N. Korea likely to retaliate on visa-free removal, experts say BY MEI MEI CHU

N. Korea likely to retaliate on visa-free removal, experts say  BY MEI MEI CHU

PETALING JAYA: North Korea is likely to revoke Malaysia’s visa-free travel status in a tit-for-tat move following Malaysia’s decision to impose a new visa application process for North Korean visitors, say experts.

Universiti Kebangsaan Malaysia (UKM) senior lecturer Dr Hoo Chiew Ping, who is an expert on North Korea, said it is “highly likely” that the country would retaliate by revoking Malaysia’s visa-free travel.

UKM deputy director Dr Sufian Jusof, who specialises in international and economic law, agreed but added that it is not a loss for Malaysia as independent travel is not allowed within North Korea.

“Malaysians have visa-free entry but it is not really free because we have to go through a tour group. North Koreans do not need to go through an organised tour to come to Malaysia.

 “So although we might call it visa-free, it is not really free,” he said.

Universiti Malaya (UM) senior lecturer Dr Geetha Govindasamy said she also expects that the North Koreans will get even in some form, though it remains to be seen what action will be taken.

Deputy Prime Minister Datuk Seri Dr Ahmad Zahid Hamidi announced earlier this week that Malaysia was cancelling North Korea’s visa-free entry to Malaysia, citing “national security reasons.”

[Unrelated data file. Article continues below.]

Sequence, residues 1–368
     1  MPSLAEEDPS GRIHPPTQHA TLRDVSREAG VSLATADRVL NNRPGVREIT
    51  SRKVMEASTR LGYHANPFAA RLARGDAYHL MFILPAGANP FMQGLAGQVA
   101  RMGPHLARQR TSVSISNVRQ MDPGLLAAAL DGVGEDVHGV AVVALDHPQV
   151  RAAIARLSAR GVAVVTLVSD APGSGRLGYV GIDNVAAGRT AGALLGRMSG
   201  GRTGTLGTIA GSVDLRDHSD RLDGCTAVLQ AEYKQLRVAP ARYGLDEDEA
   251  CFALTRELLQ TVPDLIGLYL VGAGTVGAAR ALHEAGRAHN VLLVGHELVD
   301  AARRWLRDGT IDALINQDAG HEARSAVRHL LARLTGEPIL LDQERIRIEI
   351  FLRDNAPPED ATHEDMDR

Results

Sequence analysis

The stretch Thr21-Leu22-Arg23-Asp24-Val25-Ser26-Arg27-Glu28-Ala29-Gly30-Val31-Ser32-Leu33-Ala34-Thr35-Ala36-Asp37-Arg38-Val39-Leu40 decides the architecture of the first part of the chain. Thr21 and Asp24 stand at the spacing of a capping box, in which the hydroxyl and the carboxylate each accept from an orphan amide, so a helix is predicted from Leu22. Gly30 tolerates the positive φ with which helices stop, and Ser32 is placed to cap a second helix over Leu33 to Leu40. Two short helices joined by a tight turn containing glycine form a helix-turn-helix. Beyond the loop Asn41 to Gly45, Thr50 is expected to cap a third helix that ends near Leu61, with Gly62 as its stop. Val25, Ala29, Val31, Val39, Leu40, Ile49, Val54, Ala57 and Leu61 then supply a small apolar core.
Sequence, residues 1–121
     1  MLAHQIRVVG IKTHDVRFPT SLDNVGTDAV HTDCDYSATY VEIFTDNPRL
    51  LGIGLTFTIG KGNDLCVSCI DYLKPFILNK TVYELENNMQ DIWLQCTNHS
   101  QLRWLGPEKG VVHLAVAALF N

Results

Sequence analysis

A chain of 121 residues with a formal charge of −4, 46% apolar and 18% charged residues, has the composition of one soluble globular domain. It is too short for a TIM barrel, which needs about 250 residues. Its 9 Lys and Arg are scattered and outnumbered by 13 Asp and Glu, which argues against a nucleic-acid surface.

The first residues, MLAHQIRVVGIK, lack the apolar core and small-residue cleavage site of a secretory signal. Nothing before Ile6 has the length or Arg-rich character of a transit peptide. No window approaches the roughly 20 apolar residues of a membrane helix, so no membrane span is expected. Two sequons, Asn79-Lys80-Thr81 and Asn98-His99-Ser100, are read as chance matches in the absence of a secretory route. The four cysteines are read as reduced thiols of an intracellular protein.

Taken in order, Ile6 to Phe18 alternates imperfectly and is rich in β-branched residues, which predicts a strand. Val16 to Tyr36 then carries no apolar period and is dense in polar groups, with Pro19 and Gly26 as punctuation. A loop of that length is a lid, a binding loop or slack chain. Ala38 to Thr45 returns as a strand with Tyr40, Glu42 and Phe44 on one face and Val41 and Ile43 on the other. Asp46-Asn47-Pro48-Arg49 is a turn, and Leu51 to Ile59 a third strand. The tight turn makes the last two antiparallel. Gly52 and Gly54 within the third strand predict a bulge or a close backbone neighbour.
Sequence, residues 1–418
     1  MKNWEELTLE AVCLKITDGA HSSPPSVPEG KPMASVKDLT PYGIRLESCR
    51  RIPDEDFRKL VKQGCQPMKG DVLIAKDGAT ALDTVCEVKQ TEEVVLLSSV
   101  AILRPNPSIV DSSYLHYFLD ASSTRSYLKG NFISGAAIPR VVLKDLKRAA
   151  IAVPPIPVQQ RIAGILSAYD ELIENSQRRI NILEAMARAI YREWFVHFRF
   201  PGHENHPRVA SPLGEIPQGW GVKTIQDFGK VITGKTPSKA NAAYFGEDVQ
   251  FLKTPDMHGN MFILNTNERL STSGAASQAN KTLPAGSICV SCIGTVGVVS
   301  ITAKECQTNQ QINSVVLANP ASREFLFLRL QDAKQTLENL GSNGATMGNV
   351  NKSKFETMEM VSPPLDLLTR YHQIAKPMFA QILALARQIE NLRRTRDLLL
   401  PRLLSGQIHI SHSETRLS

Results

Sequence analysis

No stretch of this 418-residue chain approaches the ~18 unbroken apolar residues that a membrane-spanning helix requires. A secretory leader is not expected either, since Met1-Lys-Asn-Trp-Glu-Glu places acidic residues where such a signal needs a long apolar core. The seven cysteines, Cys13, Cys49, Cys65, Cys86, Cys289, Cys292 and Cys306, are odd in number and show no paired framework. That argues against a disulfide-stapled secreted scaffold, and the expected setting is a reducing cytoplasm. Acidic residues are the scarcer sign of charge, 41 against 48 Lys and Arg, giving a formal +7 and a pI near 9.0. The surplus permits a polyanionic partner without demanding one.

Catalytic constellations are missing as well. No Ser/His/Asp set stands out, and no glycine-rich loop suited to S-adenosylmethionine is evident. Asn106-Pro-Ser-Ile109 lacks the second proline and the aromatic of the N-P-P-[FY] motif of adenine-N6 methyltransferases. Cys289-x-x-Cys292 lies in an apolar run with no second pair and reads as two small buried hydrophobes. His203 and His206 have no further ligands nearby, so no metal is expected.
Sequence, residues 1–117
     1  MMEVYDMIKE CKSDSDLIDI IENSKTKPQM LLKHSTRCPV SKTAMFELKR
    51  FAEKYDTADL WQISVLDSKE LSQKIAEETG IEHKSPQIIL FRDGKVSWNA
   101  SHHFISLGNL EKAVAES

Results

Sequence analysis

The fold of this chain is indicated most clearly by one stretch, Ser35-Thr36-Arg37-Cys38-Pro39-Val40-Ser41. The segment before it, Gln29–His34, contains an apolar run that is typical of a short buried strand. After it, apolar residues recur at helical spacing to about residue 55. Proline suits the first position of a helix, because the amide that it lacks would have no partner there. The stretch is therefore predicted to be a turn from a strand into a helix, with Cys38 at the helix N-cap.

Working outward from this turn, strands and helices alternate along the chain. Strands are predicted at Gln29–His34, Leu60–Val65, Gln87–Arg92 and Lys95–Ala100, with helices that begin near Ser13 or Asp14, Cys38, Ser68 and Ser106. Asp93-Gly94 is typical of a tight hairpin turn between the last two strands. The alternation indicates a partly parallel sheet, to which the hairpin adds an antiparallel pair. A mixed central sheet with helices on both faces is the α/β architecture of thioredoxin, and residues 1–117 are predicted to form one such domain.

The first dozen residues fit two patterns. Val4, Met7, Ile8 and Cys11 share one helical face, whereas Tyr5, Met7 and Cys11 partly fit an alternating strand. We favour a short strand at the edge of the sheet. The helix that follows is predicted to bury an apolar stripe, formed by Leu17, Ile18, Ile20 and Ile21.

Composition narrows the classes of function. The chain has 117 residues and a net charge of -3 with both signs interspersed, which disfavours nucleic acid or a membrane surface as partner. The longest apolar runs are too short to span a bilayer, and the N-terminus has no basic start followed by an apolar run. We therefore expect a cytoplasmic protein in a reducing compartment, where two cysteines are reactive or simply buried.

The move came as diplomatic relations between the two countries soured following the murder of Kim Jong-nam, the half-brother of North Korean leader Kim Jong-un.

He was killed after two women splashed a chemical on his face at the Kuala Lumpur International Airport 2 (KLIA2) departure hall on Feb 13.

The two women, Vietnamese Doan Thi Huong and Indonesian Siti Aisyah, have been charged with the murder under Section 302 of the Penal Code, which carries the mandatory death penalty upon conviction.

North Korea has criticised how Malaysia has investigated the murder and has accused it of being part of a conspiracy, leading to Wisma Putra declaring its ambassador Kang Chol persona non grata and giving him until March 6 to leave the country.

Malaysia is the only country North Korea has fully opened its doors to. In 2009, Malaysian passport holders became the only visitors who could travel to the country without a visa for up to 30 days.

Similarly, North Koreans travelling to Malaysia were given visa-free entry. This will change starting March 6, when the new visa application process is gazetted.

The new measure will not have an immediate impact on the 1,000-odd North Koreans currently living in Malaysia. They reportedly work in coalmines, restaurants, and trading companies.

“Those who are working here have work permits and won’t have any problems.

“The problem will arise once their work permits expire, and (depend on) whether the Malaysian Government introduces a more stringent screening process for work permits,” said Dr Sufian.

“I’m sure after this, their application to stay in Malaysia would be subjected to much stricter processes,” he added.

The new visa requirements might also slow down trade deals between the two countries, but the impact on economic and bilateral relations will be minimal, the experts said.

“I doubt it will affect North Korea’s economy,” said Dr Geetha.

“However, illicit activities that generate income or allow them to obtain hard cash will certainly be affected with new restrictions imposed by Malaysia,” she added.

North Koreans are not allowed to travel freely without the regime’s permission. Those who have access to international travel are likely to have links with the government.

Apart from diplomatic staff and families, Amnesty International has reported that some 50,000 North Koreans work abroad.

Source:The Star